Medium Term Budget Policy Statement (MTBPS) 2010: Public hearings
Industrial Development Corporation (IDC) submission
Mr Lumkile Mondi, Chief Economist, Industrial Development Corporation (IDC), said that, as there was less volatility with the real effective exchange rate than with the nominal effective exchange rate, any debate should focus more on the real effective exchange rate. The weakening or strengthening of the rand did not happen in isolation, and was largely dependent on the currency strength state of other countries. He said that South Africa’s trade account had not performed poorly, as demand depended on the strength of countries with whom it was trading. Despite the rand appreciation since January 2009, the value of South Africa’s exports of raw materials and intermediate goods had recovered to some extent in the first semester of 2010. The value of imports also started recovering in most categories (except raw materials) in the first semester of 2010.
He outlined some recent capital interventions globally. Brazil had, in October 2009, imposed a 2% Tobin tax on foreigners’ fixed-income purchases and later in the same month raised this to 6%. It had also raised the so-called IOF tax (which foreigners had to pay to invest in local derivatives) to 6%. Thailand had imposed a 15% tax on interest payments and capital gains from government and State-owned company bonds. Although South Korea had imposed no financial transaction taxes, it had put in place a series of policy measures, such as new restrictions on trades in currency derivatives and new ceilings on domestic banks and branches of foreign banks dealing with foreign exchange (forex). Despite all these measures, capital inflow into these countries was not affected. Potential favourable implications of such interventions included the raising of the price competitiveness of exports, progressive recapturing of foreign markets if price competitiveness and stability were to be sustained, the alleviation of import competition in local markets, and increased foreign tourism earnings. Potential concerns about such interventions included uncertainty over the potential impact of interventions on, the desired outcomes and their sustainability, their cost, and abrupt unwinding of substantial speculative positions, which could possibly have a destabilising effect, concerns about the timing, a potentially higher inflation environment, higher import costs and a reduced wealth effect for holders of South African assets.
Mr T Chaane (ANC) asked what areas needed to receive attention, in order to facilitate economic growth.
Mr Mondi answered that South Africa should create a focus on local demand and make access to capital easier for the establishment of new businesses.
Mr D Van Rooyen (ANC) asked whether any thorough analysis was done into the implementation measures and funding approach around regional infrastructure development.
Mr Mondi answered that since South Africa was a small economy, it would be easier, for example, to create a petroleum industry at source (such as Angola). The infrastructure to facilitate this had to be created. Politicians also needed to drive a regional agenda.
Efficient Financial Holdings (EFH) submission
Mr Dawie Roodt, Economist, Efficient Financial Holdings, said that although reasons provided for the global economic recession had included insufficient regulation, greed and speculators, the real reasons were loose monetary policies and political interference. Although South Africa’s new growth plan was unclear, emphasis had been placed on reducing poverty and unemployment and boosting economic growth. Targets of the new growth plan included stringent fiscal policy, a focus on savings, a smaller current account deficit, lower interest rates, a competitive currency and lower unemployment. Of major importance in the Medium Term Budget Policy Statement (MTBPS) was the need to improve competitiveness, as this facilitated wealth-creation through the private sector. Although the creation of more employment was of major importance, this could only be fast-tracked through the creation of more businesses. There were, however, limitations to the establishment of new businesses, because of onerous red tape (especially around tax registration and licences), lack of access to capital, high taxes, forex regulations and labour laws.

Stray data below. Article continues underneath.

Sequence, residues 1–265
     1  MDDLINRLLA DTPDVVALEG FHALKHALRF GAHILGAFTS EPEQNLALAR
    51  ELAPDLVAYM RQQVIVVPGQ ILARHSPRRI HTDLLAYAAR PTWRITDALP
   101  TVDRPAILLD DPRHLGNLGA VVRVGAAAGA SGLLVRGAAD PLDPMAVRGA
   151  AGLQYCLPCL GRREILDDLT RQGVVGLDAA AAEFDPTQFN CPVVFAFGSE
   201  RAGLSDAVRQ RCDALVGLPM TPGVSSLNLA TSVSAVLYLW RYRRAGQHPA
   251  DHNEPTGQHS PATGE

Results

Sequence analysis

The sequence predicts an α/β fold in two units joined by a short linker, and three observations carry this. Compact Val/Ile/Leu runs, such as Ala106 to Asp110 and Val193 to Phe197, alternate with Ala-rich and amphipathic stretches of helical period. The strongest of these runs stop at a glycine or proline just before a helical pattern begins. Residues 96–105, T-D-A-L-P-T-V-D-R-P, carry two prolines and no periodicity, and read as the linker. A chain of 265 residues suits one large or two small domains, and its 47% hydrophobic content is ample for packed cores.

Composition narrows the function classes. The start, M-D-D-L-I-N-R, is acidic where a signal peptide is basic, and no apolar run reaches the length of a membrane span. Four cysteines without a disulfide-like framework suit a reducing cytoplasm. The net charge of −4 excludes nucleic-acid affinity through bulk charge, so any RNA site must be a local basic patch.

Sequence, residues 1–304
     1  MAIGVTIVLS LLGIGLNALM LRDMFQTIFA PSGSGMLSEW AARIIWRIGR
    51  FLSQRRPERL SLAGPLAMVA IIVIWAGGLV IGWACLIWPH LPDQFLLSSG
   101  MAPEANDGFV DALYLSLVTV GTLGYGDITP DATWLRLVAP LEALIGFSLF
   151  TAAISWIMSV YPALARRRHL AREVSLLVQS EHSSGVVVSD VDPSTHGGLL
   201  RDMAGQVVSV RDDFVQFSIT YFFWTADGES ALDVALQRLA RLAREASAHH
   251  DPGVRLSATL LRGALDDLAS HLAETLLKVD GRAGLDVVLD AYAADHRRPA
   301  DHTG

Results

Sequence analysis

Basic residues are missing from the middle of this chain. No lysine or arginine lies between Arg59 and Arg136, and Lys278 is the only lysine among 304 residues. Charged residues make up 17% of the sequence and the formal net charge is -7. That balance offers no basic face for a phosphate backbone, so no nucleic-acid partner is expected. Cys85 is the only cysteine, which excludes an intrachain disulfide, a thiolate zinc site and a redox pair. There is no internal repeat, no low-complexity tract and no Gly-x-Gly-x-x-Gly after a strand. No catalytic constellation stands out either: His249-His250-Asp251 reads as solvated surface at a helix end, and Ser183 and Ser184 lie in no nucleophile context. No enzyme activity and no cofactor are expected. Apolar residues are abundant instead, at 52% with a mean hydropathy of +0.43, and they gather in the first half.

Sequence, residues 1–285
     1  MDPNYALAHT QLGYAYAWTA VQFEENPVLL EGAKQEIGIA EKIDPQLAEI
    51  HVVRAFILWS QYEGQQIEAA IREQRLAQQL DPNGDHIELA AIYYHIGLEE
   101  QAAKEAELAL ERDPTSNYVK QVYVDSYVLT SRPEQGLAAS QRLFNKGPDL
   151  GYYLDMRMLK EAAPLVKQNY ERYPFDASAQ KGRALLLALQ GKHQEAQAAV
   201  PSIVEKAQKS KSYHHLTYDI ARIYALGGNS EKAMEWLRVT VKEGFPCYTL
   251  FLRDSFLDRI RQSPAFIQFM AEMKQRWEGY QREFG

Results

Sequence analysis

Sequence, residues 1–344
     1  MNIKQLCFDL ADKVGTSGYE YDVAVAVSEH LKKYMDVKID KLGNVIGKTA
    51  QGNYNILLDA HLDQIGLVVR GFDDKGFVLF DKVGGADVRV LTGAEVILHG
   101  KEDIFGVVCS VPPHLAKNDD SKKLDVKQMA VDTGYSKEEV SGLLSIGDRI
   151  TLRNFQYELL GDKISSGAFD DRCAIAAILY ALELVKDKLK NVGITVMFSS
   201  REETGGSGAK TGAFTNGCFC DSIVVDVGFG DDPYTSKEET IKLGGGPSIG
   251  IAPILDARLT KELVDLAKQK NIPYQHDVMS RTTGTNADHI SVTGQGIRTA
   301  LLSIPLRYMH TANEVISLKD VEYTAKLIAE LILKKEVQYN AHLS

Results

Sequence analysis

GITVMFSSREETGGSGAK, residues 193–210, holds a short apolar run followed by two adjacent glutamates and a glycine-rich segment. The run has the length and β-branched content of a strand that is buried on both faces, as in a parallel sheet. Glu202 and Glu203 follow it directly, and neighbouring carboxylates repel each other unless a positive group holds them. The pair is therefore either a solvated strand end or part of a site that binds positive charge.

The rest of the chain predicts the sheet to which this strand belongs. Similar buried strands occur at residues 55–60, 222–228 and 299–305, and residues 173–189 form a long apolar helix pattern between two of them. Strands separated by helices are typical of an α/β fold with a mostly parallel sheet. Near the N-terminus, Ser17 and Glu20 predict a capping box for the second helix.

Mr Roodt submitted that although the rand was under-valued, this was less apparent than in the past. Possible solutions to this might include the buying of reserves, the lowering of interest rates, imposing the Tobin Tax or relaxing of the forex regulations. The latter was most favourable and was to be implemented by the Minister of Finance.
He noted that the tax burden in South Africa had shifted away from the poor and on to the relatively rich. This was not sustainable, as there were fewer rich people in the country. South Africa’s Gini co-efficient would be improved by ensuring that employment figures rose. More needed to be invested in capital in the country. The fact that the State had collected more in the way of income tax, despite 1 million jobs having being lost, indicated that the majority of the lost jobs were held by people who were not paying personal income tax. As the economy was performing very well, growth could easily exceed the estimated 3% level. Some of the taxes which he suggested could be done away with included the Secondary Tax on Companies, the Skills Development Levy, Donations Tax, Estate Duty, Securities Transfer Tax, Transfer Duties, Air Departure Tax and the Electricity Levy. He suggested that instead the country could perhaps consider introducing Taxi taxes and no VAT-zero rates. The only means by which to address the problems facing South Africa’s economy was through prioritisation of building economic growth.